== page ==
Would love to hear your experiences dealing with oil tanks

20 Replies

Hi BP fam hope all is well!

I wanted to know if anyone has had any experience with buying a home that needed to have an oil tank removed due to leakage into the ground. Seller does not have the funds to do it themselves and is offering to come down on the list price. If you have any experience in the matter of oil tank removal I would love to hear your story. How much did it cost? How long did it take? Was it worth it? 

ANY info would be appreciated. Thanks!

@Devyn Caraballo I’ve seen a few of these first hand that’s would make your hair stand on end. If everything is clean, it should be a $800-1500 job to get it done, permits, inspections, and never worry about it again.

But... my parents sold their house in NY with a decommissioned tank that had leaked. Final bill was $89K, though somehow covered by insurance since it was part of a watershed. (This was ~18 years ago. A neighbor in the same neighborhood had oil leaking into a nearby stream, which they found out when the DEP showed up knocking on their door.

A good friend had a similarly horrible experience in NJ where the oil had leaked under the house. It added about 6 months to their closing date since they had to dig under the house.

I personally think that a lot of these cleanup efforts these days are overkill, but no one cares about my opinions :)

The lesson I hope you take away is that you don’t want it to be your issue. My suggestion is to have the owner have it removed before closing - maybe even using up to $1500 or $2K of your escrow. But if it’s a bigger issue, you can walk away with only a bit invested.

In ground or above-ground (please let it be)?

In OR, you need to get a cert contractor to remove in ground and then keep digging until you find clean dirt, so no real accurate way to quote.

@Devyn Caraballo

I bought a house on auction that had a leaking oil tank, I did not realize until the oil delivery company brought it to my attention and it was during the winter time. The price quote of a new tank and abandonment of the old thank was $2500. Not a bad deal, so I thought and I gave them a go ahead. They installed the new tank and they cut open the top of the old tank and told me everything looks good. I paid them and I left them to finish the job, bad idea!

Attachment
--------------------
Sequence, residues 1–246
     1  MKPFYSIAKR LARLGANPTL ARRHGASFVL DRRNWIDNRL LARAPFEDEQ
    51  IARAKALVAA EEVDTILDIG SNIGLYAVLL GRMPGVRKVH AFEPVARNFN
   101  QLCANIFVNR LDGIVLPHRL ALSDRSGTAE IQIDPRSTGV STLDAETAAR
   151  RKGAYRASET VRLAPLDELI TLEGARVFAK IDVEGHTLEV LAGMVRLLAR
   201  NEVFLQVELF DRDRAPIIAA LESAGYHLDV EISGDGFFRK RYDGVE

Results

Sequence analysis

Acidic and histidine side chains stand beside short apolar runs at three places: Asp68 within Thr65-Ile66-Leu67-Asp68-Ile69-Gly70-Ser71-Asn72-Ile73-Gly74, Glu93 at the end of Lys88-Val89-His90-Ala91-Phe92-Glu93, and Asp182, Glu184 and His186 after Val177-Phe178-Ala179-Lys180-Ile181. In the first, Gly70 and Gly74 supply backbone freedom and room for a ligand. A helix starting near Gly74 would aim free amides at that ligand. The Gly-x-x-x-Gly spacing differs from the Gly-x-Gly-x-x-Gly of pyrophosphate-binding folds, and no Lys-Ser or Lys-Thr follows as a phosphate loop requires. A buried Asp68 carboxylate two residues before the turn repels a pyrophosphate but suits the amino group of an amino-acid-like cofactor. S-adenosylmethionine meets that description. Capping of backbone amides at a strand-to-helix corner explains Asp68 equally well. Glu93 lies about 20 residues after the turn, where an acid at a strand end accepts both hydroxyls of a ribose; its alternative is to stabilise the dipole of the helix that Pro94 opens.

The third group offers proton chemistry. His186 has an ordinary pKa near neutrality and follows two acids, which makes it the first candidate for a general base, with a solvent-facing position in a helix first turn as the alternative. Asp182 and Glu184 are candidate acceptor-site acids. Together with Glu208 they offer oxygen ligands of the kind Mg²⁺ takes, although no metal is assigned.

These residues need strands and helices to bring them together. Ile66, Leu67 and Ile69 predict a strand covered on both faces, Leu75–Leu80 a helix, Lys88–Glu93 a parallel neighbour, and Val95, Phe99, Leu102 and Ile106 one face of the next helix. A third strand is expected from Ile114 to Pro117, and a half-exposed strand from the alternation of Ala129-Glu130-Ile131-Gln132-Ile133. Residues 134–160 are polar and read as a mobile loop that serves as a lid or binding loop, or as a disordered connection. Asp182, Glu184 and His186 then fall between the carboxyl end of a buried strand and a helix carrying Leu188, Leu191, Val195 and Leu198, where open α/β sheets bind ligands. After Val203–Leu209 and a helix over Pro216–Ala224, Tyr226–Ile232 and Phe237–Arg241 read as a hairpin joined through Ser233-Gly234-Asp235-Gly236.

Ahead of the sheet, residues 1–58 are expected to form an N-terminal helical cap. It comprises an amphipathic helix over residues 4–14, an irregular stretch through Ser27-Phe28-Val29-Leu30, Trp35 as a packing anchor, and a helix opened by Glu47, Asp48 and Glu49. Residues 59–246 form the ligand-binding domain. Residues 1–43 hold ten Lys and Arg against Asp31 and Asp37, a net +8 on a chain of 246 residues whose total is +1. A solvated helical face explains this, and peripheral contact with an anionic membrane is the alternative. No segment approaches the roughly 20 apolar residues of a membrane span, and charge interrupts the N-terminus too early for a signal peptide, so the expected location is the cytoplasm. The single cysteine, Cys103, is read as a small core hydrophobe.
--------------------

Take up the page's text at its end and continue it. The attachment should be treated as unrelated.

They call me later that the soil was contaminated and were talking about remediation and that they already reported it to DEC. They quoted exorbitant amount of over $15k for the remediation PLUS a long list of TBD items not included in the $15k.

Anyway, to cut the long story short, I got another company that finished the excavation and filed clearance with DEC. The DEC inspector came and said that there was nothing wrong that the initial company probably spilled the oil and wanted to extract more from me, I thought they did but I had no proof.

Total cost of the new tank, excavation, filling the whole with new soil, and repairs to the damage to ground was about $10k. Unfortunately, this delayed the property renovation for two months due to scheduling inspection with DEC.

Lesson learned- Stay with the contractor until the job is done! Also, If you can get the seller to correct or at least share the cost.

All the best!!😇

@Devyn Caraballo I’ve had one removed before. Got a DEQ report from the seller that it wasn’t contaminated. So I paid $1k to fill in the below ground one and they removed the above ground one. This is in Virginia.

NJ is pretty serious about this. I had an aunt with an issue and it was many truckloads of fill later that it was resolved. No idea what is cost.   We had one spring a leak in the middle of winter (just a pinhole) gallons came out but the tenant got buckets under it and it was $2500 for replacement with a roth double wall tank and removal of old tank. I would evaluate above or below ground tank and if it was a spill or long term leak.  The 10 k  might not cover it if leak was extensive and you have to remove and replace a lot of soil. My recollection is my aunt had to have all contaminated soil removed and replaced, then I think it was DEP came in and tested the soil.

@Devyn Caraballo   This is a potential landmine and a BIG one at that.  It could (unlikely) be no big deal.